Battlefields Tour of Flanders and the Somme 2nd May – 3rd June
A group of 48 S3 pupils led by Mr. Quigley, accompanied by Mr. MacDonald, Mrs. Fielding-South, Miss MacDonald & Mr. South, set off early in the morning heading to Belgium for the History Dept. tour of World War One battlefields.
Arriving in Belgium on the first day of touring the group headed to Tyne Cot cemetery. Tyne Cot is the largest Commonwealth gravesite in the world containing nearly 12,000 graves, one of which is the final resting place of Private Farquar Macrae Mackenzie of the Seaforth Highlanders, a former pupil of Inverness Royal Academy, whose name is also listed on the school’s own war memorial. Many pupils found this visit very emotional seeing the overwhelming volume of lives lost.
The emotion of the first visit almost turned to disbelief as the group moved on to Langemark, a German wargrave site, where a mass grave containing nearly 25,000 fallen German soldiers is situated. From here we went to Hill 62 Sanctuary Wood with its preserved trenches.
In the afternoon, the group moved on to Ypres – a city that was all but wiped off the map during WWI and has subsequently been rebuilt – where we visited the In Flanders Field Museum, housed in the city’s Cloth Hall, rebuilt to its former Gothic glory. Here the story of World War One is told through exhibits featuring artefacts and first-hand testimonies of those who experienced the conflict.
Leaving Ypres we stopped briefly at the Essex Farm cemetery; Essex Farm was the site of a medical facility during WWI where John MacCrae – the Canadian physician & poet – wrote “In Flanders Field”, one of the most widely known poems of WWI.
After a long first day of touring, the group chilled out with a game of Ten-pin bowling before returning to our hotel in Diksmuide for a well-deserved good night’s sleep.
Day 2 of touring saw us head to Bruges, a medieval city famed for its architecture, canals, chocolate, lace, a certain film featuring Colin Farrell and did we mention chocolate? Following a relaxing morning of sight-seeing, we then visited the Memorial Museum Passchendaele 1917; a fascinating museum which features recreations of Dug-outs and trench systems. The group then visited The Scottish Memorial in Flanders where we laid a wreath on behalf of the school.
In the evening we returned to Ypres for the Last Post at the Menin Gate – a ceremony conducted by buglers from the Ypres Fire Service that has taken place since the memorial was opened in 1927. During the centenary of WWI the story of one of the soldiers listed on this memorial to the missing is told. On the evening we visited the ceremony also included a piper and a welsh choir.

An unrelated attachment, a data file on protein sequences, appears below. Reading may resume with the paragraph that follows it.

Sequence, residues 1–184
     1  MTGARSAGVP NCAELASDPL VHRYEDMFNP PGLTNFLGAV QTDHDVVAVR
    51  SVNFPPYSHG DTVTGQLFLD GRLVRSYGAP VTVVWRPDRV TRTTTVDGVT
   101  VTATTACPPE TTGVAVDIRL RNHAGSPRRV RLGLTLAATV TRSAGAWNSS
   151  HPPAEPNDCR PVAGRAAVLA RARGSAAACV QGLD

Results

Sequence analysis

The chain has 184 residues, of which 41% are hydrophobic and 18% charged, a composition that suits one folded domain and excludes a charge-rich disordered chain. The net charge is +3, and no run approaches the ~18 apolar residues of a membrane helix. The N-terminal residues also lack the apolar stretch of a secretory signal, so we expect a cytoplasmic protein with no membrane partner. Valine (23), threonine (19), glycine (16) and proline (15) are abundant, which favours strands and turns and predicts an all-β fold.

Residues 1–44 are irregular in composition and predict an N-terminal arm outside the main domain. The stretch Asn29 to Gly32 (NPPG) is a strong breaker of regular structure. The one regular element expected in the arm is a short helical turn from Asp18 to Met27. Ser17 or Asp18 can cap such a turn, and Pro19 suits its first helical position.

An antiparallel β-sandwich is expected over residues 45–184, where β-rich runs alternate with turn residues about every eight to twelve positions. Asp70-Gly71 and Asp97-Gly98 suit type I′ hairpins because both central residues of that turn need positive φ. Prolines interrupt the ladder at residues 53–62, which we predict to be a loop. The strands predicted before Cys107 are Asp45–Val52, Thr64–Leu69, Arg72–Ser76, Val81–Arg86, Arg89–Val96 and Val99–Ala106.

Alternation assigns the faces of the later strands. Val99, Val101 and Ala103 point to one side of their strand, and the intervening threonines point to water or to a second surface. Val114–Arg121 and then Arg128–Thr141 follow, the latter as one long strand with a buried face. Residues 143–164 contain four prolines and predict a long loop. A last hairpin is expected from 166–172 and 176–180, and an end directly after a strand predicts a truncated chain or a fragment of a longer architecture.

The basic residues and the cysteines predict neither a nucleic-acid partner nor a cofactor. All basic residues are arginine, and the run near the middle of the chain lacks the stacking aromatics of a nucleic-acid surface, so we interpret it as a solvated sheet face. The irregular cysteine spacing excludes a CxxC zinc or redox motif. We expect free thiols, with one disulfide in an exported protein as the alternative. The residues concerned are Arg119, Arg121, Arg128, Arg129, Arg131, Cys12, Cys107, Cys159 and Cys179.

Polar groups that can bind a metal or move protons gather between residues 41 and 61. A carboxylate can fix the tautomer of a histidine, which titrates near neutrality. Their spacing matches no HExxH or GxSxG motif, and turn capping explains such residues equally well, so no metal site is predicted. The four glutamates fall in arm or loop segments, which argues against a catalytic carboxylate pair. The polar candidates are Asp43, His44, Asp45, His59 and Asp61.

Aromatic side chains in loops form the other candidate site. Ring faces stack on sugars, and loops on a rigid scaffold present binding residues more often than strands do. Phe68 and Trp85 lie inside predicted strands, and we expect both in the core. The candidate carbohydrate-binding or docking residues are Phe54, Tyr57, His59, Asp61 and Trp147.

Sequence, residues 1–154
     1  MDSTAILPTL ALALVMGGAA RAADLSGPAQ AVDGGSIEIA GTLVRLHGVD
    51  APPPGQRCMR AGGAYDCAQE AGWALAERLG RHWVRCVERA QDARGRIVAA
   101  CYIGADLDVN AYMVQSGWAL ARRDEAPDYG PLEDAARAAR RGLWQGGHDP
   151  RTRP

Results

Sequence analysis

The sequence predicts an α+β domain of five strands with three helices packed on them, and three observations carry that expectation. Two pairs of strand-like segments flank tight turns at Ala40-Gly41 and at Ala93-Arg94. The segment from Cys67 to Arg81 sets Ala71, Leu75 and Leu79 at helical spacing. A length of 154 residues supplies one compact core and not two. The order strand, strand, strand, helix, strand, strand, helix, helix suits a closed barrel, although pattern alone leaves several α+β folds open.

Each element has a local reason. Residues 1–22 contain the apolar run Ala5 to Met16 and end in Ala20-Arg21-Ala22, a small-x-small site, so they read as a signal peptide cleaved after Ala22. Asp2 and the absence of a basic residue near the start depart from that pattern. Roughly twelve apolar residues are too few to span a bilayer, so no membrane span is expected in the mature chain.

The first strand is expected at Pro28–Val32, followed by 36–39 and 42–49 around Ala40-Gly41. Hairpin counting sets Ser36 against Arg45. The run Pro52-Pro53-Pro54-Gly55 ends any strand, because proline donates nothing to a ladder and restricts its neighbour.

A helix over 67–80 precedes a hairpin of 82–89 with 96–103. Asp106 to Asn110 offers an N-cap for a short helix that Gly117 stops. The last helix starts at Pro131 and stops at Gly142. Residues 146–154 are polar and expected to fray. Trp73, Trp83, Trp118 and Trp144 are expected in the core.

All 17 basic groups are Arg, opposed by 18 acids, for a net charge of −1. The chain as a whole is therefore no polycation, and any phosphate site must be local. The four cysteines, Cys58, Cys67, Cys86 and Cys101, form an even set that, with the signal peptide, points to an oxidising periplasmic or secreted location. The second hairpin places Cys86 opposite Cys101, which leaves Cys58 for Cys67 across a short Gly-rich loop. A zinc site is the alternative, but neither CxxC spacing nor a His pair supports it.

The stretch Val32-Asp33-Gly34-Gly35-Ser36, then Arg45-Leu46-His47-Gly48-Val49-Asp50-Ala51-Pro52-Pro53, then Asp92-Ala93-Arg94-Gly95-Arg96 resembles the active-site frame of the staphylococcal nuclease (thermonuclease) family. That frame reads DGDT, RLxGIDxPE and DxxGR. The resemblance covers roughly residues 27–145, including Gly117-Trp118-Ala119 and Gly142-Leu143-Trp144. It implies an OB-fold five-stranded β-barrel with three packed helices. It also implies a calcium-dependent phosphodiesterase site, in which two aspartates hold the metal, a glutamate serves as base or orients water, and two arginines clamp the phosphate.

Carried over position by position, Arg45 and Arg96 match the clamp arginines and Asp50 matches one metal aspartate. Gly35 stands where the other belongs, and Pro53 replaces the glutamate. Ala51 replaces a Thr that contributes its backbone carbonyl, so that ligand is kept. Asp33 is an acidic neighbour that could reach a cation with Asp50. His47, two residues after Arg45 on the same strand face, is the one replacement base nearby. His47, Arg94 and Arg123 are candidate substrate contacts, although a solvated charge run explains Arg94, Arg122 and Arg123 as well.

An early start on Day 3 for a long day of touring as we left Belgium for France. Our first stop was the cemetery at Bailleul where Mr. Quigley laid a wreath at the grave of his great-great-grandfather, Private John McCluskey of the Royal Inniskilling Fusiliers, killed on the 28th December 1916. We then travelled on to Vimy Ridge and the magnificent Canadian National Monument overlooking the site where the four Canadian Divisions fought together for the first time.
We arrived at Newfoundland Park at Beaumont-Hamel early in the afternoon, where the weather turned cold & windy with drizzling rain creating a sombre atmosphere for a visit where the true tragedy of WWI is told. Beaumont-Hamel is the site where on July 1st 1916 – the first day of The Battle of the Somme – the Newfoundland Regiment was wiped out in the space of half an hour; of the 800 men sent out onto this particular battlefield only 68 survived. At the end of our visit to Newfoundland Park we laid a wreath on behalf of the school at the Memorial to the 51st Highland Division; this moment was accompanied by Katie Rhynas playing “The Flowers of the Forest” on the bagpipes.
We moved on to the Thiepval Memorial to the Missing of the Somme, which lists the names of some 72,195 men with no known grave killed during the Battle of the Somme, and then to the Lochnagar Crater, a bomb crater almost 300ft in diameter and 70ft deep, created by a munitions mine exploded to signal the start of the Battle of the Somme.
Our last stop of the day was the cemetery of Warloy-Ballion, where Mrs. Fielding-South laid a wreath at the grave of her great-great uncle Private James MacNeil of the Seaforth Highlanders killed on 8th December 1916.
The journey back was a long haul to Ostend, where we stopped to visit the Atlantic Wall Museum – a beach front open air museum featuring the defence systems put in place by the German army during WWII. From the various observation posts here we could see the swell forming on the North Sea and with the high winds we could tell that the ferry crossing that night would be a rocky one.
What was predicted to be a force 7 gale only turned out to be force 5, which was of little comfort to the queasy travellers in our group, but everyone arrived safe & well & back on dry land the next morning for the long journey back to Inverness.
A moving & illuminating journey where the true human tragedy of war really hits home; the pupils were genuinely moved by their experiences and were a credit to the school throughout the tour.